U.S. Citizenship and Immigration Services (USCIS) has reinstated its guidance to immigration officers to defer to prior nonimmigrant petition approvals when adjudicating petition extension requests, if the facts and parties remain the same. The agency announced today that it has rescinded its 2017 policy memorandum, issued under the Trump Administration, that reversed a longstanding policy of deferring to prior adjudications.
The deference policy
Under the reinstated deference policy, which is effective immediately, officers are directed to generally defer to prior approvals in immigration benefit petitions involving the same parties and facts. Officers may not defer to a prior approval where there are material changes or where new material information is available that undermines eligibility, which includes publicly available information affecting eligibility for the benefit. The policy will also not apply if there was material error in the prior adjudication.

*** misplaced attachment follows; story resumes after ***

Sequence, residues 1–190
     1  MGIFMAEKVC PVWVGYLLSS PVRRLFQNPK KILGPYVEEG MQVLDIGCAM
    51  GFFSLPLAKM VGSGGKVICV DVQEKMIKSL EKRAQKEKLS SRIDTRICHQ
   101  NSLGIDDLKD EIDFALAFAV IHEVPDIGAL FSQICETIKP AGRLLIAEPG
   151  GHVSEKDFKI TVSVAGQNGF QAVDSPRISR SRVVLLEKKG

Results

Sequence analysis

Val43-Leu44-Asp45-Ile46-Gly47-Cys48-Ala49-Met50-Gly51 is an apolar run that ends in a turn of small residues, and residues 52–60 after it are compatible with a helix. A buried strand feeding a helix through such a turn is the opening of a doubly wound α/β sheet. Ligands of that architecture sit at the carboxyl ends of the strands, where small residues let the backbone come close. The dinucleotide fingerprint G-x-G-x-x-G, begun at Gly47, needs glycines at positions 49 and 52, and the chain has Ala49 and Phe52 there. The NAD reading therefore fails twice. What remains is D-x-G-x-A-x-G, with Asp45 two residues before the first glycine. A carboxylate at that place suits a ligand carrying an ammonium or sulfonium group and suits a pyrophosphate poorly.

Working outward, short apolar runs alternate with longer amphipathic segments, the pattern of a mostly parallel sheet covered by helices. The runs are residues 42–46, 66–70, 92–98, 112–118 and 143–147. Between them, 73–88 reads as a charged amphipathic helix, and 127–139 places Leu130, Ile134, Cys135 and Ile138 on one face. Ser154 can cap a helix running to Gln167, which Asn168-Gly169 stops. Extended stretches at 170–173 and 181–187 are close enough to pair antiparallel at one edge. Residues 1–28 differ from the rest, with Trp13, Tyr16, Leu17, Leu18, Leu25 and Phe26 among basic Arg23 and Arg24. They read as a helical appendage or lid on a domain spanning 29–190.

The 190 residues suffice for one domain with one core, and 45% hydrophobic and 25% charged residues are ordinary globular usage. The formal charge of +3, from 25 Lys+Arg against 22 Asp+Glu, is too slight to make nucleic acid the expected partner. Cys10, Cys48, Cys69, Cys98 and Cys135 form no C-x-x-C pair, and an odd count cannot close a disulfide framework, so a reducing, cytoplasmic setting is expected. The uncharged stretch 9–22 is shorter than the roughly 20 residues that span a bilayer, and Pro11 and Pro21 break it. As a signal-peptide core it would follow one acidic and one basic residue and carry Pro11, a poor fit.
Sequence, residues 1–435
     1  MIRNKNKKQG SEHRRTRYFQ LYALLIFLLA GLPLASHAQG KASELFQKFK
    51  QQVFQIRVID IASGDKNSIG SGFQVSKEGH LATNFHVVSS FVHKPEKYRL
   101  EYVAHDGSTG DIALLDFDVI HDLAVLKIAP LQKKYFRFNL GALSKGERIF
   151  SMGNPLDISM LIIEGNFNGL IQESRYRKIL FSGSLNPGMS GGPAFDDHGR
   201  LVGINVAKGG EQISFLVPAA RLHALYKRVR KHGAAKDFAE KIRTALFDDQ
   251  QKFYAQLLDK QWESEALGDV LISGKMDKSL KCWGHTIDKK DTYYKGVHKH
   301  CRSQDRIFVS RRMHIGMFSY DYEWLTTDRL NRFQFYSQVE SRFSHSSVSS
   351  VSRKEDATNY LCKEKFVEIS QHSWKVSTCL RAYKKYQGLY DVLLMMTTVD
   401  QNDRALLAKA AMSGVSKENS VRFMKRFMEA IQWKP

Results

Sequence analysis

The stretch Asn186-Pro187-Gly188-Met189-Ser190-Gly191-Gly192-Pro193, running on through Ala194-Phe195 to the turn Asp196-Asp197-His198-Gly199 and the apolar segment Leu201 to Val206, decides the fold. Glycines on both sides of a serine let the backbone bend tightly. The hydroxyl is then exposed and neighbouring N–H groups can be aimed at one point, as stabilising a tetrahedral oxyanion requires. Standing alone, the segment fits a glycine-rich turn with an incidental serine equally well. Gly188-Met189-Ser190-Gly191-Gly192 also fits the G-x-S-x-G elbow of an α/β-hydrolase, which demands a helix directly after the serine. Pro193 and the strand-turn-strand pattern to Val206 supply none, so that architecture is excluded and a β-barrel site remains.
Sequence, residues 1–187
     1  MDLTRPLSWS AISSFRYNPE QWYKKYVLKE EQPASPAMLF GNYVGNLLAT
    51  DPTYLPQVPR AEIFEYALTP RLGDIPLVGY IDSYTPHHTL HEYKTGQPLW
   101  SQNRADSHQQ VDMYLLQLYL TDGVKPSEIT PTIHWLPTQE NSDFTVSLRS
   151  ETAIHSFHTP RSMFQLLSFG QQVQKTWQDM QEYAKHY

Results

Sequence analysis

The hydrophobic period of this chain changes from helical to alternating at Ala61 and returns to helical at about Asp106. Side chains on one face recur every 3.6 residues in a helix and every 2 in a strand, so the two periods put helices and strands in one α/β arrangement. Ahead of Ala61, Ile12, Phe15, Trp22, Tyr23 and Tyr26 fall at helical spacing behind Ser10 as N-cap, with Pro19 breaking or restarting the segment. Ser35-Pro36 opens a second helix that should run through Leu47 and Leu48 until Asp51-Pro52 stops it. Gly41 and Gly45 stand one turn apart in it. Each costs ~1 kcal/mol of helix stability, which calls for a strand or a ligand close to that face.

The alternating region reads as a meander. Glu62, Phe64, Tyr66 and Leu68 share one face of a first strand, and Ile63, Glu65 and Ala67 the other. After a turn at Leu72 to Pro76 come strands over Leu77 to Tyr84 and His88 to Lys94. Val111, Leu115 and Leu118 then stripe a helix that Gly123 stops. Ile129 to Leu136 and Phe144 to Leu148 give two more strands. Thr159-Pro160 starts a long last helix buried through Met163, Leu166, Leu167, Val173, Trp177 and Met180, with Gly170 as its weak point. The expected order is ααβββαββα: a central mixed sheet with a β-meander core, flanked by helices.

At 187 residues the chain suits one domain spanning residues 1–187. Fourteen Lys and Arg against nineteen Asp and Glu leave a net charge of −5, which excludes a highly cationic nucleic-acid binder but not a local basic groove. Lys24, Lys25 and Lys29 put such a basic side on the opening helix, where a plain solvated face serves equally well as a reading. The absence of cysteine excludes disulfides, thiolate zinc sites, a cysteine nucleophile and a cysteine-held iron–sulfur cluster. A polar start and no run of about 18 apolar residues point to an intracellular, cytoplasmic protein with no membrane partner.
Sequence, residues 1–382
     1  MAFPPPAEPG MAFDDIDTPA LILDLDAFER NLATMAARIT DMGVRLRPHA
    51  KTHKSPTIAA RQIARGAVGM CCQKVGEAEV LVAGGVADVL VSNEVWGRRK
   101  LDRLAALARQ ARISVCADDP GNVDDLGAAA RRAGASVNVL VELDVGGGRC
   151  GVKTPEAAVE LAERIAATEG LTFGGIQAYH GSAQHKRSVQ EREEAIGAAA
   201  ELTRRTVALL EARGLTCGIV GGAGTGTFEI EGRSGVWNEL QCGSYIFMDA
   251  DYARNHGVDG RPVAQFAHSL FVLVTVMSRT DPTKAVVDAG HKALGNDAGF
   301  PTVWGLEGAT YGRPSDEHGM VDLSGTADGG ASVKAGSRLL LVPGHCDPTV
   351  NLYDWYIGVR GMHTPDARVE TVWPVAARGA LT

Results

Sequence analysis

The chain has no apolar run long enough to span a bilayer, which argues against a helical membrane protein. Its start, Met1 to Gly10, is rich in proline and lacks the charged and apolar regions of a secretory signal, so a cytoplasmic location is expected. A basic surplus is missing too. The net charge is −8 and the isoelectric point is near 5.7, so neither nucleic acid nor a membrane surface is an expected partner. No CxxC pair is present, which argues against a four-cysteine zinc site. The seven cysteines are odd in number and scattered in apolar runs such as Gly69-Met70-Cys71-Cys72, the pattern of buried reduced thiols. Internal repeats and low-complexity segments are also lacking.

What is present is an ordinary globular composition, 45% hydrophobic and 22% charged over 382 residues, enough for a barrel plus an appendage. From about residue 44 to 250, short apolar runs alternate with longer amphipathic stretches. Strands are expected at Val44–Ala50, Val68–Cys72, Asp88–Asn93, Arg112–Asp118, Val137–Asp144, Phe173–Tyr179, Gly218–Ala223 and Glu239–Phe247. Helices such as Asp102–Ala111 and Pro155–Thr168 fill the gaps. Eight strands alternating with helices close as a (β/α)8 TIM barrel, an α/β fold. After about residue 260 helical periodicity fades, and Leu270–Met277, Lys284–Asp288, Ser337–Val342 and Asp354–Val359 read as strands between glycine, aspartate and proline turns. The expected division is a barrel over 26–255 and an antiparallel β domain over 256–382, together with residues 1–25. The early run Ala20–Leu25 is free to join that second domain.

In addition, the new guidance requires officers to obtain supervisory approval before deviating from a prior approval on the same facts — a significant departure from prior policy and practice. USCIS also affirms that the agency will defer to USCIS determinations only; it will give consideration to determinations by other agencies.
This policy change follows President Biden’s Executive Order 14012 (Restoring Faith in Our Legal Immigration Systems and Strengthening Integration and Inclusion Efforts for New Americans), which directs immigration agencies to identify barriers that impede access to immigration benefits and fair, efficient adjudications.
What it means
While USCIS is again requiring deference to prior decisions on extensions requests where no material change has occurred, the practical impact of the policy change will only be seen through USCIS adjudications. After the 2017 Trump-era policy memo dispensing with the more permissive deference policy, requests for evidence (RFE) increased significantly, even on petitions with multiple prior approvals on the same facts. Reverting back to the prior policy should decrease the number of extension RFEs and reduce their processing times; however, impact on adjudication trends will depend on how USCIS officers implement the policy in practice.